controversy."   Wadeer v. N.J. Mfrs. Ins. Co., 
    220 N.J. 591
    , 605
    (2015) (quoting Highland Lakes Country Club & Cmty. Ass'n v.
                                     7                          A-0880-16T3
    201 N.J. 123
    , 125 (2009)).    The purposes of the doctrine
    are "'(1) the need for complete and final disposition through the
    avoidance of piecemeal decisions; (2) fairness to parties to the
    action and those with a material interest in the action; and (3)
    efficiency and the avoidance of waste and the reduction of delay.'"
    Wadeer, supra, 220 N.J. at 605 (quoting DiTrolio v. Antiles, 
    142 N.J. 253
    , 267 (1995)).
         Consistent   with   the   doctrine's    objectives,   Rule     4:30A
    provides that "[n]on-joinder of claims required to be joined by
    the entire controversy doctrine shall result in the preclusion of
    the omitted claims to the extent required by the entire controversy
    doctrine[.]"   The rule "encompasses 'virtually all causes, claims,
    and defenses relating to a controversy[,]'" Oliver v. Ambrose, 
    152 N.J. 383
    , 394 (1998) (quoting Cogdell v. Hosp. Ctr. at Orange, 
    116 N.J. 7
    , 16 (1989)), and requires all parties in an action to raise
    all transactionally related claims or risk preclusion.             K-Land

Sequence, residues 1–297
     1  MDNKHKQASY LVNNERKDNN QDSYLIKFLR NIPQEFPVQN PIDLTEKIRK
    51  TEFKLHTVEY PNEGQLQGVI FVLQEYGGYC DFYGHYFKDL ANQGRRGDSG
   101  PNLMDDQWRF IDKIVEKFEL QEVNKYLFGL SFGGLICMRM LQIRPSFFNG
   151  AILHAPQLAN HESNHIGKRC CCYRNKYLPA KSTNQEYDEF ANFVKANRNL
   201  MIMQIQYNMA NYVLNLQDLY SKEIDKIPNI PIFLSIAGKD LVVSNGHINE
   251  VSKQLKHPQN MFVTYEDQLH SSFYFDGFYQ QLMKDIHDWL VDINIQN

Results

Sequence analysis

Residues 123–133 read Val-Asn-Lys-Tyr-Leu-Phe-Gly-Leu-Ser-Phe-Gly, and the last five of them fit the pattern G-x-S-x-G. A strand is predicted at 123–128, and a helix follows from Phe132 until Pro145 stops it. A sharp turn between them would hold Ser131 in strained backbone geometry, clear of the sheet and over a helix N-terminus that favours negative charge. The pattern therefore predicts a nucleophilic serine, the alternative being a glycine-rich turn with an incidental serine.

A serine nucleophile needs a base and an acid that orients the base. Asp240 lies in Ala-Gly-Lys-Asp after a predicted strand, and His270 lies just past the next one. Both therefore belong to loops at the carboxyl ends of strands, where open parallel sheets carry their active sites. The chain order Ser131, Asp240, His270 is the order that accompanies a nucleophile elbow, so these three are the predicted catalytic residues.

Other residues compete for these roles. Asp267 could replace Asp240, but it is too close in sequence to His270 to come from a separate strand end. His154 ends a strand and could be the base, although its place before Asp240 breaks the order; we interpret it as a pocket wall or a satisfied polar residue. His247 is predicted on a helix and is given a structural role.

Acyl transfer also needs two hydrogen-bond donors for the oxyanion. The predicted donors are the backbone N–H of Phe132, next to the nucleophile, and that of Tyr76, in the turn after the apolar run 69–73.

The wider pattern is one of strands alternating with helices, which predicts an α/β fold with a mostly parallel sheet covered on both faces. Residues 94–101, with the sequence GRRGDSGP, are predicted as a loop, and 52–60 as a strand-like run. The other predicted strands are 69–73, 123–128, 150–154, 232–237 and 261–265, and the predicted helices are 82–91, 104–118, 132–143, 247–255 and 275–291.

Corp. No. 28 v. Landis Sewerage Auth., 
    173 N.J. 59
    , 69-71 (2002);
    R. 4:30A.
         "In determining whether a subsequent claim should be barred
    under   [the    entire   controversy]       doctrine,   'the      central
    consideration is whether the claims against the different parties
    arise from related facts or the same transaction or series of
    transactions.'"   Wadeer, supra, 220 N.J. at 605 (quoting DiTrolio,
                                      8                               A-0880-16T3
    supra, 142 N.J. at 268).      "It is the core set of facts that
    provides the link between distinct claims against the same parties
    . . . and triggers the requirement that they be determined in one
    proceeding."   Wadeer, supra, 220 N.J. at 605 (quoting DiTrolio,
    supra, 142 N.J. at 267-68).
         However, the entire controversy doctrine does not "apply to
    bar component claims either unknown, unarisen or unaccrued at the
    time of the original action."        K-Land, supra, 173 N.J. at 70
    (quoting Pressler, Current N.J. Court Rules, comment 2 on R. 4:30A
    (2002)).   Also pertinent here is our Supreme Court's dictate that
    "the entire controversy doctrine no longer compels the assertion
    of a legal-malpractice claim in an underlying action that gives